The closing argument is very similar to the reinforcement statement – it serves as a back-up to your main value proposition.

This is where you get one more chance to give your visitors some insight into the benefit of your offer. If your page is short, this won’t be necessary as the headline will still be visible.

The reason why your webinar is the best:

Somewhere on your registration page you should state why your webinar is better than the rest of them out there. Now, it doesn’t really have to be the best webinar ever created, but something that makes your webinar unique should be used to promote it.

What problem does it solve (that others don’t)? Is it really easy to follow and apply?

Whatever you feel is the golden point of your webinar, emphasize that as much as you can on your registration page.

Remember your registration page has to “buy” them enough to get them to register, so give them your best.

Now, by using one, two or all of these USP elements on your webinar’s registration page, you can give your potential customers all of the most persuasive reasons as to why they should sign-up, opt-in or save their spot for your upcoming webinar.

Using some or all elements USP should be done in a way that you emphasize something that makes YOU the best option for your target customers. What makes your webinar a must-see?

It doesn’t have to be the best of the best, but you have to focus on providing something that they can’t find somewhere else in order to get them to your side.

2. The Hero Shot (Image or Visual Representation)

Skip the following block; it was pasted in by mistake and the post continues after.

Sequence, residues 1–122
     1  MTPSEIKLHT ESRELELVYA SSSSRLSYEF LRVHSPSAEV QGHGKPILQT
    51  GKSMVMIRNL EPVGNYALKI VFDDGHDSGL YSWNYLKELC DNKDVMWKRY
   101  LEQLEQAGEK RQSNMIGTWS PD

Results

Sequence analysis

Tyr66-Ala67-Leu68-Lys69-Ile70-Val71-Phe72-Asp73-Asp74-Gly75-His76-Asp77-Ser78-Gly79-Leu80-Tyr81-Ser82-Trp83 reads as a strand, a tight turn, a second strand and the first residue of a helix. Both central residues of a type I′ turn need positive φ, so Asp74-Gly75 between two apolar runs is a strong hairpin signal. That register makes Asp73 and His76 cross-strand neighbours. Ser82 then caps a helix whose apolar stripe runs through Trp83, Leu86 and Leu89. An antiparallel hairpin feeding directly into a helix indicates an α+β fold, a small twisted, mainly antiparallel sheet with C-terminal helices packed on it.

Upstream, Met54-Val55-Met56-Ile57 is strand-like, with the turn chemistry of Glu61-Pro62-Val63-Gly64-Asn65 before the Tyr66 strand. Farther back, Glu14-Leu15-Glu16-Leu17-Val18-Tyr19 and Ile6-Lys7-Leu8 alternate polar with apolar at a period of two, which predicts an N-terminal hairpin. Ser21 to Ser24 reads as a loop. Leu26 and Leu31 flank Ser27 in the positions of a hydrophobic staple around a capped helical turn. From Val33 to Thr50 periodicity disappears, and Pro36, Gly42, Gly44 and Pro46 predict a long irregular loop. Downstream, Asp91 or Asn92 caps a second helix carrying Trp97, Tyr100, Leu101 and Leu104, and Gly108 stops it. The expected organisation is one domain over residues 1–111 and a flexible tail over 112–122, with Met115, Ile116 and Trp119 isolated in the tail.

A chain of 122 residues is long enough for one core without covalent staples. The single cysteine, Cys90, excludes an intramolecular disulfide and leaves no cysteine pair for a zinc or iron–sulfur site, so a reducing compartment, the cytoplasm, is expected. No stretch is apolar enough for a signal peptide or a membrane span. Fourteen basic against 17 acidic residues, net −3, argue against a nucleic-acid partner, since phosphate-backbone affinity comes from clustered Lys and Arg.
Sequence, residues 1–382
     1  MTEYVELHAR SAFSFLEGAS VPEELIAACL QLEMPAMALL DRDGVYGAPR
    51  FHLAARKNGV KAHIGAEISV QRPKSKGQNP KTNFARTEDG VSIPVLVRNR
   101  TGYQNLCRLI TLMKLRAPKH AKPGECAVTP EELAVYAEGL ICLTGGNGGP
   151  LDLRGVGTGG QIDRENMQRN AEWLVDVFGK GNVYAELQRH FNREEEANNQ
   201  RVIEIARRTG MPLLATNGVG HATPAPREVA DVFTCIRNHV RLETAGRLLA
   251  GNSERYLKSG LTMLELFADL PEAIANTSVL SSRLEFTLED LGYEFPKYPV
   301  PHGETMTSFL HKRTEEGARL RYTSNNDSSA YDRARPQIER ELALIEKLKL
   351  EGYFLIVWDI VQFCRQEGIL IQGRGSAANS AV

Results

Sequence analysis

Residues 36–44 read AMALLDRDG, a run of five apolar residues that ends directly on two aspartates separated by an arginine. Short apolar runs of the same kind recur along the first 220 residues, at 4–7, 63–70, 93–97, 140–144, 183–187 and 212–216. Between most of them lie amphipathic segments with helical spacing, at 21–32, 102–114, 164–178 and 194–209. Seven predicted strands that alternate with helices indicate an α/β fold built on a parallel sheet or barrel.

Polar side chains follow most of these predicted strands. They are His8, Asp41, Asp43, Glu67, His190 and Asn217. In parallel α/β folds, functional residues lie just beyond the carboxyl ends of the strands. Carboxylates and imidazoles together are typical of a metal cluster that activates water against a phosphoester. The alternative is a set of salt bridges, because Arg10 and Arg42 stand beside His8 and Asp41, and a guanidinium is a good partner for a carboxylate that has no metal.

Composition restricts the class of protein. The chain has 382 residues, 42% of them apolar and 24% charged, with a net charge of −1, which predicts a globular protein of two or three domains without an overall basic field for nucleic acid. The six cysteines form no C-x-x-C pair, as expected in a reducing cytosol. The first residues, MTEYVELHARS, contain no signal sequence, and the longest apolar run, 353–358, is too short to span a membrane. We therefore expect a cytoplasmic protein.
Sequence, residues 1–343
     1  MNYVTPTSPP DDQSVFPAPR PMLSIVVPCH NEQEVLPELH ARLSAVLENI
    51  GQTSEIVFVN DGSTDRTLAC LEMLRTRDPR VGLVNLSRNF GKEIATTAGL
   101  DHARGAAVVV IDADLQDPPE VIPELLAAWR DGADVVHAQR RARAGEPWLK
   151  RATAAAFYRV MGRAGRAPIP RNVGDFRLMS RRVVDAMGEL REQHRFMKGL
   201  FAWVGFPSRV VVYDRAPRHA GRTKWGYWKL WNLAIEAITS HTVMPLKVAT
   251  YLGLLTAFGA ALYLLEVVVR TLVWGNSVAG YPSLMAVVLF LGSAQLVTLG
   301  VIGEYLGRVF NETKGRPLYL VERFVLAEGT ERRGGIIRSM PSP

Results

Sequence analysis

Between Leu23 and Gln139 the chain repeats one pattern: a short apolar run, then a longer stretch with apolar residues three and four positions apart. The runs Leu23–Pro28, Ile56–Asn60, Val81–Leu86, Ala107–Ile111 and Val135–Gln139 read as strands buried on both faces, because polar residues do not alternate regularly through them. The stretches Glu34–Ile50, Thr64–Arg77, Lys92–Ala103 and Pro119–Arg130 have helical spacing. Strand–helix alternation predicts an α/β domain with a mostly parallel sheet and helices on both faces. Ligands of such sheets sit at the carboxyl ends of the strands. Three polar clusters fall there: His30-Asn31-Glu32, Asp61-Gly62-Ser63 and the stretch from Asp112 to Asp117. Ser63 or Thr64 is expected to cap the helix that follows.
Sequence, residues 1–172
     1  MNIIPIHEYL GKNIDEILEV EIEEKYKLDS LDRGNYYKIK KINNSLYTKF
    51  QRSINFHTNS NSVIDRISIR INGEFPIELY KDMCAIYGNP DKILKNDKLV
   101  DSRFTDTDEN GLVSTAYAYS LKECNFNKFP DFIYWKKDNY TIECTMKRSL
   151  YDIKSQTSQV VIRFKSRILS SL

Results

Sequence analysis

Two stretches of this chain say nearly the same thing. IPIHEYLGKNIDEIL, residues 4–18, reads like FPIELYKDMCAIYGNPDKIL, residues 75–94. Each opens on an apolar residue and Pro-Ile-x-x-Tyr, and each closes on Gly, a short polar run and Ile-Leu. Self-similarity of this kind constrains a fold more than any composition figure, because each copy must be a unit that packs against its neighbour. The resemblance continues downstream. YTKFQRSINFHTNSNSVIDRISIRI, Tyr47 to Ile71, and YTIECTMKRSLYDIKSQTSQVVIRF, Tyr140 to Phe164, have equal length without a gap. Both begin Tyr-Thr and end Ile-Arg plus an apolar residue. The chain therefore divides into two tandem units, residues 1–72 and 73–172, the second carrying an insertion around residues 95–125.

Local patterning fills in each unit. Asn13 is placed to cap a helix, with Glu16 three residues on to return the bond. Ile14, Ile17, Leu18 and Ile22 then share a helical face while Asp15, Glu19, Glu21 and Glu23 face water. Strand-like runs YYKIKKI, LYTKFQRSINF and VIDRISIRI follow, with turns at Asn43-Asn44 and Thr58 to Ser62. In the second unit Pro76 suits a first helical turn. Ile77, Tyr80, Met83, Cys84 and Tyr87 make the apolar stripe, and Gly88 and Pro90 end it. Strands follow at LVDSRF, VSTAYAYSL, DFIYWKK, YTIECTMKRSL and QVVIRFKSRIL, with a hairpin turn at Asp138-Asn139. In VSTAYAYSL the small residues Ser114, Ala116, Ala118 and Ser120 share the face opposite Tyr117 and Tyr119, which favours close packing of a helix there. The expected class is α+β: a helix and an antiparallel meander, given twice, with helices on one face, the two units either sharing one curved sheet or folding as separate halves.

The Hero Shot is whats going to catch the attention of your readers. It has to be AMAZING.

As the old saying goes, a picture is worth a thousand words. That means that your imagery should stand out and be the best graphical representation of what it is that you are promoting.

It must have a high perceived value easily shown by the image you use.

Like this..

Lets use Digital Marketers landing page for their Facebook Ad template for example.

Notice how your eye's are naturally drawn to the image on the right hand side? Which conisidently is right about the CTA button?

That is the same kind of affect you want to have with your product or service to get as many registrants for your webinar as possible.

This is also a great example of how to incorporate the USP elements I mentioned earlier.

Because the main headline, the supporting one and the actual hero shot, complement each other and give us a “hard-not-to-register” registration page.

If we look at the people at Zendesk they give us a great example of how to use the hero shot in video format.

Your hero shot might feel like you’ve done enough proving to your prospects and that you’re providing them with value that’s worthy of their time but, you’ll still need to give them something to help them make that final decision and register.

That’s where social proof comes in…

3. Social Proof

Social proof is one of the most powerful persuasion tools you have in your arsenal.

Great social prood provides a number of benefits to your page. Including releif that the product or service is worth the time the prospect is about to put into it as well as the fear of missing out if they don't do it.

Here is a great example of using social proof on a page...

UPS used great examples of social proof elements on there webcast. In this instance, case studies.

Another great social proof element is the clear and professions photos and titles of the speakers/hosts of the webcast.

Even if you are not yet positioned highly any information about yourself can always help to add an element of social proof to your page.

Its all down to proving to your audience that you are who you say you are and that your product will do what you say it will do.

Social proof is a whole subject to itself, and unfortunately many people do it the wrong way.

But using social proof correctly will help you increase your credibility and authority.

4. The Benefits

Benefits > Features.

Ultimately people don't care how many bells and whilstles your product or sevice has. They want to know the BENEFITS they will get from using it.